The Differences Between Line Editing and Copyediting

As an editorial instructor and coach, I’m often asked about the differences between line editing and copyediting. Since both skills are performed at the sentence level, it’s important to understand the differences between them. 

There are four skill levels in editing: developmental editing, line editing, copyediting, and proofreading. Line editors and copy editors work with content after it has been structurally refined in the developmental stage and before it gets the final pass from a proofreader. This blog post focuses on how line editing and copyediting are unique. However, you’ll also learn how they work together quite well to bring you more work, money, and clients.

The differences between line editing and copyediting

What Is Line Editing?


During the editorial process, line editing is done before the copyediting phase. Line editing is also known as stylistic editing or content editing. 

It is the one editorial skill where you can reorganize, edit, and rewrite sentences and paragraphs. No other level of editing, including proofreading, allows you to reorganize paragraphs and rewrite sentences.

Line editors work on all kinds of content, and they work with text on a line-by-line level. They focus on: 

  • style 
  • flow
  • tone
  • clarity 
  • language 

Line editing does not involve fixing spelling or punctuation like copyediting does. Instead, it focuses on fixing things like redundancies, awkward phrasing, and repetition.

Can you work as an editor who focuses on just line editing?


Absolutely! Line editors are in high demand due to their unique skill sets and understanding of language. You can work for:

  • Publishers
  • Businesses
  • Brands
  • Writers
  • Entrepreneurs
  • Agencies
  • Government 

For a more detailed breakdown of exactly what line editors do, check out this post, Everything You Need To Know About Line Editing.

What Is Copyediting?


Copyediting is the next step after line editing, and it is a technical approach to content. Copy editors make sure the writing follows language rules and style guidelines so there is consistency and so the writer’s voice is maintained. 

Copy editors fix issues like:

  • grammar
  • spelling
  • punctuation
  • consistency

They research and verify facts and dates. They only rewrite when it is absolutely necessary, and only then it is as minimally as possible.

To learn more about what copy editors do, we have a blog post that goes into more detail about their specific tasks and what copyediting involves.

Differences Between Line Editing And Copyediting


The major difference between line editing and copyediting is that copyediting does not reorganize text. That is a line editor’s job. And when it comes to rewriting, a copy editor rewrites a minimal amount of text only if necessary. 

It is important to note that if a copy editor has to change words or phrases, it is not for stylistic purposes. As mentioned above, that falls under line editing, which is why it is also called stylistic editing.

Line editing approaches content from a different perspective than copyediting . A line editor will look at a piece of content to determine its style and to make sure the language is clear and the flow is good. They will edit and rewrite to maintain a specific tone and to elevate the writer’s voice.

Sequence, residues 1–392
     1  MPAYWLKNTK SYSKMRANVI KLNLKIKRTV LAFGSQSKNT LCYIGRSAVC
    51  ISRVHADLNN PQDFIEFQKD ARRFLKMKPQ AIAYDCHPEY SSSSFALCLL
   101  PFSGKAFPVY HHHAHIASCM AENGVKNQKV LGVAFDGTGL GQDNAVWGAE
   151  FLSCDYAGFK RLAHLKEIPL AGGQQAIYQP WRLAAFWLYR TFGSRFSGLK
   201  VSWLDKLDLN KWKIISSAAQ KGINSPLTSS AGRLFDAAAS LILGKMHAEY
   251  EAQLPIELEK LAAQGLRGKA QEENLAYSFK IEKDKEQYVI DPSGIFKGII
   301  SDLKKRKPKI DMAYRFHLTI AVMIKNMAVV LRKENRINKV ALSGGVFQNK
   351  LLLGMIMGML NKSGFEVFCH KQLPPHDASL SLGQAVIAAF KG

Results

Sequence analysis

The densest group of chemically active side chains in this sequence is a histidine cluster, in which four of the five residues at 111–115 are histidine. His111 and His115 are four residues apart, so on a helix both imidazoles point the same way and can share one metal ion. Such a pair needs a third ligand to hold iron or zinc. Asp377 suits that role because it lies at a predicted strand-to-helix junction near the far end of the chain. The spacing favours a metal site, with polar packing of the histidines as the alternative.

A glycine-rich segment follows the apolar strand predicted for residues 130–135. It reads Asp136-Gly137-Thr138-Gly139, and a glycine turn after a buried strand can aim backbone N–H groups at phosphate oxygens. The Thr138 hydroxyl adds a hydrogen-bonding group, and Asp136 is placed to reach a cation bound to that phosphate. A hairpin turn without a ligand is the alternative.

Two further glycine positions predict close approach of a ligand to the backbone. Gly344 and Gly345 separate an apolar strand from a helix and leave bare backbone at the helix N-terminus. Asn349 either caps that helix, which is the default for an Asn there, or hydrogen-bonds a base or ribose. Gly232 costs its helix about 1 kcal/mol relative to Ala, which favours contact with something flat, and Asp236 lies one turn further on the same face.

Similarities Between Line Editing And Copyediting


Line editing and copyediting have a few things in common:

  • They both share a common goal of improving readability through their specific tasks. 
  • Each strive to maintain the writer’s style or a company’s voice.
  • They work with content at the sentence level.

Line editors and copy editors work on the same kind of content. They both edit:

  • Fiction and nonfiction print books and eBooks
  • Manuals 
  • Articles
  • Textbooks
  • Government documents 

Professional Training


To work as a line editor (aka stylistic editor or content editor) or copy editor, you do not need to have an English degree or any prior experience. However, professional editorial training is necessary. 

We believe that the more you know, the better you can decide what editorial skill is for you. That is why we have free intro courses that give you foundational training in both line editing and copyediting.

Line Editing 101 is our free 3-day email course that you can sign up for here.

Learn more about starting an editorial business copyediting in our free masterclass. Sign up to watch it now.

How Much Do Line Editors And Copy Editors Make?


There are different ways you can charge for line editing and copyediting services. You can charge:

  • By hour
  • With a flat rate per project
  • By word

Based on guidelines from various editors’ associations, line editors can make $46-$50 per hour. Copy editors can earn between $35-$60 per hour. Your rate can vary depending on what kind of industry you are in and the type of content you’re working with. For example, business content generally pays more than fiction.

Since line editors and copy editors both work closely with content line by line, they are able to do more than one type of editorial skill. It is common for line editors to do both line editing and copyediting for a project. The two skills together make an excellent editorial business model. This means that you can earn more money per project!

What Do You Think?


Which skill interests you? Line editing, copyediting, or both? Line editing is a blend of creativity and logic, and allows you to use your writing skills. Copyediting draws on your attention to detail and ability to follow—and break—language rules. An editorial business can focus on just one skill or both. Whichever one appeals to you, a love of words and reading is a great jumping off point.  

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